Brenda Swinbank

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Brenda Swinbank
Brenda Swinbank, archaeologist
Brenda Swinbank, archaeologist
Born (1929-02-02) 2 February 1929 (age 90)
OccupationArchaeologist
Known forOne of the first women in Britain to become a professional archaeologist

Brenda Swinbank (married name Heywood) (born 2 February 1929) is an English archaeologist, one of the first women in Britain to become a professional archaeologist.[1][2] She specialised in studying Hadrian's Wall, and was instrumental in bringing to publication excavations under York Minster.[2][1]

Education and career[edit]

Swinbank studied history at Durham University where she was inspired by Eric Birley, who later described her as a "really competent excavator and field archaeologist."[1] She supervised excavations at Birdoswald with J P Gillam in 1950, before completing her thesis The Vallum Reconsidered, for which she received a doctorate from Durham University in 1954.[3][4] This made her the third British woman to be awarded a PhD for a thesis on the archaeology of Britain.[1]

In 1958, she featured alongside Eric Birley, John Gillam and Kate Hodgson in a BBC Home Service broadcast marking 1,800 years' study of Hadrian's Wall.[5] However, despite her achievements she was not granted a permanent university position, and in the autumn of that year took up an appointment as Assistant History Mistress at Ackworth School,[1] one of a few Quaker educational establishments in England.

It was not until the late 1960s that Swinbank was able to again involve herself more fully in archaeology. She connected with Peter Wenham, an archaeologist and contact of Eric Birley, whom she began to assist with lectures and excavations, including preparing the final report of the excavations of the vicus at Malton in 1971.[6][7] In 1974, she joined in the post-excavation processing of the great mass of archaeological materials unearthed during the stabilization of York Minster. In the words of her biographer, these consisted of "rooms full of documents, soil samples, pieces of pottery and bone, 3,000 photographs, chunks of carved stonework and even one large block of dirt weighing several tonnes."[1] She brought these to publication as the first volume of the York Minster materials and also, in 1992, became a director of The Yorkshire Architectural & York Archaeological Society.[1][8][9] After this Swinbank returned to her former interests on the vallum of Hadrian's Wall, which, with the assistance of David Breeze, she published in the late 2000s.[1]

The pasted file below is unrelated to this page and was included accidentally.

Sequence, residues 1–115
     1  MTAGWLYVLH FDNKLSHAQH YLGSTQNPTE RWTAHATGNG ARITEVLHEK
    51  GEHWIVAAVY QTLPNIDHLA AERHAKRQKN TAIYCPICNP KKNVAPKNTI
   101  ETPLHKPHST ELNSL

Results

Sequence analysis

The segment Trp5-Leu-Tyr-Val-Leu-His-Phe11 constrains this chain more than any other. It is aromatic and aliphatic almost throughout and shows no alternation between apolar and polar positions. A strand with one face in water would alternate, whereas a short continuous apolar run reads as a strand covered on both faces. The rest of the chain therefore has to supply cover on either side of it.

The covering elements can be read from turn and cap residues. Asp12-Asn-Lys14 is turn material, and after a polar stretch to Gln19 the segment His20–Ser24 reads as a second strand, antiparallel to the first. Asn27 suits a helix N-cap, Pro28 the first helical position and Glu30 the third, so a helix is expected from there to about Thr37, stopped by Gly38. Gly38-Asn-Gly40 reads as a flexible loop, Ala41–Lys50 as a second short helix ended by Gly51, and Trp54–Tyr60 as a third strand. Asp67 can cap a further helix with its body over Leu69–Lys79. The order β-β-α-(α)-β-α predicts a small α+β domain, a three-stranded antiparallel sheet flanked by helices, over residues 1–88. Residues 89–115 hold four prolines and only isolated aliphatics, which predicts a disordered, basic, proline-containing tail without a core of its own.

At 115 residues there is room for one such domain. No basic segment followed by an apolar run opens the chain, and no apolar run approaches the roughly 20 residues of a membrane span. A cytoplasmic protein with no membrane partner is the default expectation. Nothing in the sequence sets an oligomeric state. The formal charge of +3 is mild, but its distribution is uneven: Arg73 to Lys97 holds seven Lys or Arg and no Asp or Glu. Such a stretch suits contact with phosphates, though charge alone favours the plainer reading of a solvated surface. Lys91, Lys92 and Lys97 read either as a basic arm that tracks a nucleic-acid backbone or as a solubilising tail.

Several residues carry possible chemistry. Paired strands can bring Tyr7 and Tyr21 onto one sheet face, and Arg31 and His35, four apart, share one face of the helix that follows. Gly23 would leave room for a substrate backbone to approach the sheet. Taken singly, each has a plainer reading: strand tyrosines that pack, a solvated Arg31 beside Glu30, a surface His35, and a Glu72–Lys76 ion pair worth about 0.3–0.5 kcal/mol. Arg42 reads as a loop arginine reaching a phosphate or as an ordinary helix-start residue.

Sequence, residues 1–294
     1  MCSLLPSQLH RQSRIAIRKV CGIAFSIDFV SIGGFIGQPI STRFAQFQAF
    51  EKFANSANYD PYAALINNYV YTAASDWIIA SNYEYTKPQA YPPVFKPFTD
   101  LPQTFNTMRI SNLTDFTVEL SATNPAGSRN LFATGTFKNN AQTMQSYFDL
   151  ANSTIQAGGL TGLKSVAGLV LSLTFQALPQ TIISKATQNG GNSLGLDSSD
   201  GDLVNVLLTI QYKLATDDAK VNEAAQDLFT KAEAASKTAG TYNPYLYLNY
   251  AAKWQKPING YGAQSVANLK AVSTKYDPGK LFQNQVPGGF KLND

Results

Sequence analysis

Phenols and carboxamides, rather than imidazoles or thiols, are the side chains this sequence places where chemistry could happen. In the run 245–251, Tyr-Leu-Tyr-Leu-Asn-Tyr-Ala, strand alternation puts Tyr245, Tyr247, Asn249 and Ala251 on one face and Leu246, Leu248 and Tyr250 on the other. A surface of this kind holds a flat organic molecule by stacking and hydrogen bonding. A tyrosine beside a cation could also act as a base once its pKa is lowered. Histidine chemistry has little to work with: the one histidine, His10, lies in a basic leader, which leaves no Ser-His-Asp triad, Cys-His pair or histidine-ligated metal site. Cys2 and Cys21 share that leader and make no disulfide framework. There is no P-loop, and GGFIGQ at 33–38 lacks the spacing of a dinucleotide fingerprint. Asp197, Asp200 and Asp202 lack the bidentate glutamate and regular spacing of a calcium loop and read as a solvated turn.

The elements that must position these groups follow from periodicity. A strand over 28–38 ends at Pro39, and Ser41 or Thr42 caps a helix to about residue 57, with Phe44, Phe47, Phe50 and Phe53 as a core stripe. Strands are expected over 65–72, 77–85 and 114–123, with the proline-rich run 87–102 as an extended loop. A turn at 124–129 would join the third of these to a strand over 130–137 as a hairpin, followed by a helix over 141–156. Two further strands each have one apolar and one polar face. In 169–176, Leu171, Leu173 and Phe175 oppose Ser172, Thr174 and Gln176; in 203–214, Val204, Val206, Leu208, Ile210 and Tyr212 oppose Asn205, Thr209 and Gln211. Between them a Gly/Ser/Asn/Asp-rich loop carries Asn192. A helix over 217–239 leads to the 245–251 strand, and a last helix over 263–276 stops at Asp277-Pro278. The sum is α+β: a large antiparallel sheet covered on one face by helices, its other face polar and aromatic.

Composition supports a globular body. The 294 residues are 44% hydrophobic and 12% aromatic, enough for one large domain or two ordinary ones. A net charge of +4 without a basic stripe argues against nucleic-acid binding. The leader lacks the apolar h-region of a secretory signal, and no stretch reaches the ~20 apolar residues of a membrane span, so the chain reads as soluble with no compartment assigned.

Personal life[edit]

Brenda Swinbank was born in 2 February 1929, in Ackworth, England.[8] She married Peter Heywood, a teacher and colleague at the Friends’ School in Ackworth, with whom she had two sons and a daughter who died.[1] One son, Jeremy Heywood, went on to become a Cabinet Secretary and Head of the Home Civil Service;[10] he died on 4 November 2018, aged 56.

References[edit]

  1. ^ a b c d e f g h i "Book Review – Recollections of a Female Archaeologist: A Life of Brenda Swinbank". HARN Weblog. 2018-06-29. Retrieved 2018-07-27.
  2. ^ a b Recollections of a Female Archaeologist.
  3. ^ Wilmott, Tony (2013-04-15). Hadrian's Wall: Archaeological research by English Heritage 1976-2000. English Heritage. pp. 61–62. ISBN 9781848021587.
  4. ^ "Items where Author is "Swinbank, Brenda" - Durham e-Theses". etheses.dur.ac.uk. Retrieved 2018-07-27.
  5. ^ "The Archaeologist - BBC Home Service Basic - 12 December 1958 - BBC Genome". The Radio Times (1830): 40. 1958-12-05. Retrieved 2018-07-27.
  6. ^ Frere, S.S.; Hassall, M.W.C.; Tomlin, R.S.O. (1988). "Roman Britain in 1987". Britannia. 19: 504 n.95. doi:10.2307/526214. JSTOR 526214.
  7. ^ Wilson, D. R.; Wright, R.P.; Hassall, M.W.C. (1971). "Roman Britain in 1970". Britannia. 2: 252–253. doi:10.2307/525817. JSTOR 525817.
  8. ^ a b "DueDil". www.duedil.com. Retrieved 2018-07-27.
  9. ^ "yayas". yayas. Retrieved 2018-07-27.
  10. ^ "Sir Jeremy Heywood - GOV.UK". www.gov.uk. Retrieved 2018-07-27.